Every parent would love to find a Mary Poppins, that silver screen ideal who provided loving care with a firm hand—and a bit of magic. Reality, of course, is usually much more mundane.

“The most important thing is trust for the nanny and the mom,” advises Melba Bustamonte, a nanny for a Chevy Chase family. “The mom trusts you to take care of the kids. It shows in how you do it every day. If the kids are happy with you, the mom will know.”

In fact, trouble between nannies and their employers is less likely connected to negligent child care than it is to disagreements over duties, personality conflicts or nanny burnout, nannies and parents say.

Kline has seen and heard it all from caregivers and parents. “Washington is such a unique place. All the power brokers are here,” she says. “For me, the most amazing fact is you have all of these really incredibly bright parents and yet there’s this incredible disconnect in their homes. Their houses are completely disorganized. They were running the country, but couldn’t run their own homes.”

Carrie Taylor, a nanny who cares for a nearly 1-year-old Silver Spring boy, left a job caring for a toddler because of a conflict with a high-strung parent. “The dynamic between the mother and [me] was challenging,” Taylor says. “Lots of times it was the basic tone of voice, a lack of tact. There are certain things you say and don’t say, things you don’t say in normal conversation. I’m a sensitive person and I had to develop a really thick skin.”

Common misconception

When it comes to au pairs, troubled relationships often are the result of misunderstandings over job expectations. Host families complain that some au pairs arrive expecting a vacation without any work obligations.

That attitude is not uncommon, says Paige Connelly, a local child care coordinator for Cultural Care Au Pair, an agency based in Cambridge, Mass. Connelly works with au pairs and families in Rockville, Potomac and North Bethesda.

“That is kind of the way that agencies promote it, to experience American culture,” she says. “But they also definitely make clear that they’re [going to be] caring for children. Unfortunately, that’s not always the way the au pairs see it.”

When Jakobsen was living with the Steins for a year, she met au pairs with precisely that attitude. “Sometimes, the au pair sees the year away from home as a time to do ‘whatever they want’ and the ‘job’ is more an obstacle, something they just have to do to be able to stay there, and therefore [they] are not really motivated to really do what they are supposed to,” Jakobsen wrote in an e-mail from Norway.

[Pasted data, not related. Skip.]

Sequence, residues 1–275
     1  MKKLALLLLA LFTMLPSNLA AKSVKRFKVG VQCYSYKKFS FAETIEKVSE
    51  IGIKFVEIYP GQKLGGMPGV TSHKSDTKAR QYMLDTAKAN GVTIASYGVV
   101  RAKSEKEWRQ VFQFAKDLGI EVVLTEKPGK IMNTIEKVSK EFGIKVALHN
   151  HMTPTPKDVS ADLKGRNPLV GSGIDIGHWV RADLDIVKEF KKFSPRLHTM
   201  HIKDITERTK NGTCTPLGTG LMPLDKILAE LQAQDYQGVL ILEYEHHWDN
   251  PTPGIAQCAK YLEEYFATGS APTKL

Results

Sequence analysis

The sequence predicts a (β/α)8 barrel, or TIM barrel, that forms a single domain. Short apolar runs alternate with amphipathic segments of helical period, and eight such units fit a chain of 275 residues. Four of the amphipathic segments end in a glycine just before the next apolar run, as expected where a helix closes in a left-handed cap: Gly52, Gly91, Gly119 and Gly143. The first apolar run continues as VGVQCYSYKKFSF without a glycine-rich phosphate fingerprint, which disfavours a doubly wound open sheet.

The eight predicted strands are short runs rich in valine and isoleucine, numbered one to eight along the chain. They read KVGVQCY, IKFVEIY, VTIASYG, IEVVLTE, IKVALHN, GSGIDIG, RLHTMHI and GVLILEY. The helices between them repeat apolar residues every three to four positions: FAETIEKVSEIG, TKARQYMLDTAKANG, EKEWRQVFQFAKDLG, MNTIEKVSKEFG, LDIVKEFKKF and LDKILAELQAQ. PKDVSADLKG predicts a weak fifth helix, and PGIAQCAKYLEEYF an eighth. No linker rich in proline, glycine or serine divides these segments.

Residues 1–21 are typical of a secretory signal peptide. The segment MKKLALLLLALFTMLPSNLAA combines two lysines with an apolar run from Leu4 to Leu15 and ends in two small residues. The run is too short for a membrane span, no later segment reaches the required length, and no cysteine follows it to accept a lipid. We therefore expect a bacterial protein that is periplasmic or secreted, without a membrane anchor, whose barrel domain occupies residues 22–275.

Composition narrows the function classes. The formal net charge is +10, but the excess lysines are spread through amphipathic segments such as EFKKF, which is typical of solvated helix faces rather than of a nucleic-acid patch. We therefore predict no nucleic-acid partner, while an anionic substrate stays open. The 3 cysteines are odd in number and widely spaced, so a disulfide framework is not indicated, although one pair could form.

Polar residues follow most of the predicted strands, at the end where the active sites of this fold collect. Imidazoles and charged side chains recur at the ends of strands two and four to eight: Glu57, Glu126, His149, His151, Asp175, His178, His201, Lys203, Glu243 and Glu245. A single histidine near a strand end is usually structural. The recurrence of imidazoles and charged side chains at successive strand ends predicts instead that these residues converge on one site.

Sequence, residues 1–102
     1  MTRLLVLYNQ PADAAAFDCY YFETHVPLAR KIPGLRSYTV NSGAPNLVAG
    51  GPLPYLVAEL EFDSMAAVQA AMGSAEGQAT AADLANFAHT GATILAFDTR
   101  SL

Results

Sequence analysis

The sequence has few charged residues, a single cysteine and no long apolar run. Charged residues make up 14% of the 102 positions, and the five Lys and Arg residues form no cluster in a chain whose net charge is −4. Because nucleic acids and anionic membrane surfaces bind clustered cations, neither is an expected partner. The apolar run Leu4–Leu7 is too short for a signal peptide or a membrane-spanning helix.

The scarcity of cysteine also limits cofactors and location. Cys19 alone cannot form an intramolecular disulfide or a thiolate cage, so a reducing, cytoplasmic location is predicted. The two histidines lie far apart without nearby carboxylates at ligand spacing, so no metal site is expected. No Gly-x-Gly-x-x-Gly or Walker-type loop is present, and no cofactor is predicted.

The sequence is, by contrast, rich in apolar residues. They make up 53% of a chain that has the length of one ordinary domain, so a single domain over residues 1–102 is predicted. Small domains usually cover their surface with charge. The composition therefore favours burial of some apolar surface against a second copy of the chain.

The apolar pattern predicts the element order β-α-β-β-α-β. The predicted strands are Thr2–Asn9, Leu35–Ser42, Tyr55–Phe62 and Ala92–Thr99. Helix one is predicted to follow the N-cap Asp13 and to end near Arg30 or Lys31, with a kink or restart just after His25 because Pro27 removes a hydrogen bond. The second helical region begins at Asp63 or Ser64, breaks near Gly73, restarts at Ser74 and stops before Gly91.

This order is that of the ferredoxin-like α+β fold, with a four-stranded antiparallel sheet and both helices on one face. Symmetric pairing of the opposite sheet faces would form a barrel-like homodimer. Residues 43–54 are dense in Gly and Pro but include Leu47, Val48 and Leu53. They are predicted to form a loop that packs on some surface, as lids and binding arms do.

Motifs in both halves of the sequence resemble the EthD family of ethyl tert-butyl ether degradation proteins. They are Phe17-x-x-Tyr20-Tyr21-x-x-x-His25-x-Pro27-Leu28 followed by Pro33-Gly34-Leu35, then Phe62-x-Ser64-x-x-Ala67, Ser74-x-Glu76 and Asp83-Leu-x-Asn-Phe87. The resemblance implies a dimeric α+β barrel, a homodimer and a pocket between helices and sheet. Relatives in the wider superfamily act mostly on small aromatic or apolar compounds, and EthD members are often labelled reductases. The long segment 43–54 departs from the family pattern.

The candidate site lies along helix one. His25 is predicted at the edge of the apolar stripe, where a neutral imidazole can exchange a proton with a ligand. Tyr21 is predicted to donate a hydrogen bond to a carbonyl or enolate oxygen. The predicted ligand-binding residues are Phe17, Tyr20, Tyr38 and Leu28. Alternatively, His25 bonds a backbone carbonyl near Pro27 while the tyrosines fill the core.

The most successful relationships occur when the hosts accept the au pair as another family member and there’s some give and take, host families and au pairs say. Jakobsen described her relationship with the Stein family as “a rare one” that succeeded because the family opened up its home to her. Years later, they remain in touch. The Steins attended her wedding in Norway last summer, and Jakobsen and her husband are planning to visit the Steins this spring.

“They let me take part in all their family gatherings, let me meet their friends and their family and treated me like another family member; and they also trusted me with everything,” she wrote.

How to choose a nanny

It’s clear that finding the right child care can be frustrating. And in the Washington area, where powerful and well-educated parents set high expectations, the search contains an additional element: Who will be good enough for our children?

A review of online ads in the D.C. area reveals families who seem to be searching for Super Nanny. Adventurous, creative, caring, engaging, active, fun, nurturing and proactive are just some of the qualities being requested. For some employers, a college degree is required. “I don’t think it’s unreasonable to want the best for your child,” says Kline of White House Nannies, adding that educated nannies are the “gold standard” for her clients.

“I think people have high expectations for themselves. Consequently, they have high expectations for the people around them,” Kline says. “I don’t think the lowest common denominator is what you want for your kids.” So how does a family find that ideal match?

Placing ads, working with an agency and using referrals from other families can produce successful results, local families say. And e-mails frequently pop up on neighborhood and school Listservs from families recommending nannies who need new jobs.

Kline says families hire a service such as hers because they don’t have the time or ability to thoroughly screen candidates, including performing criminal, driving and other background checks.

Melissa Silverman, Carrie Taylor’s current employer, says she turned to Kline’s agency because she was planning to return to her full-time job at a biotechnology company after her son Charlie was born last summer.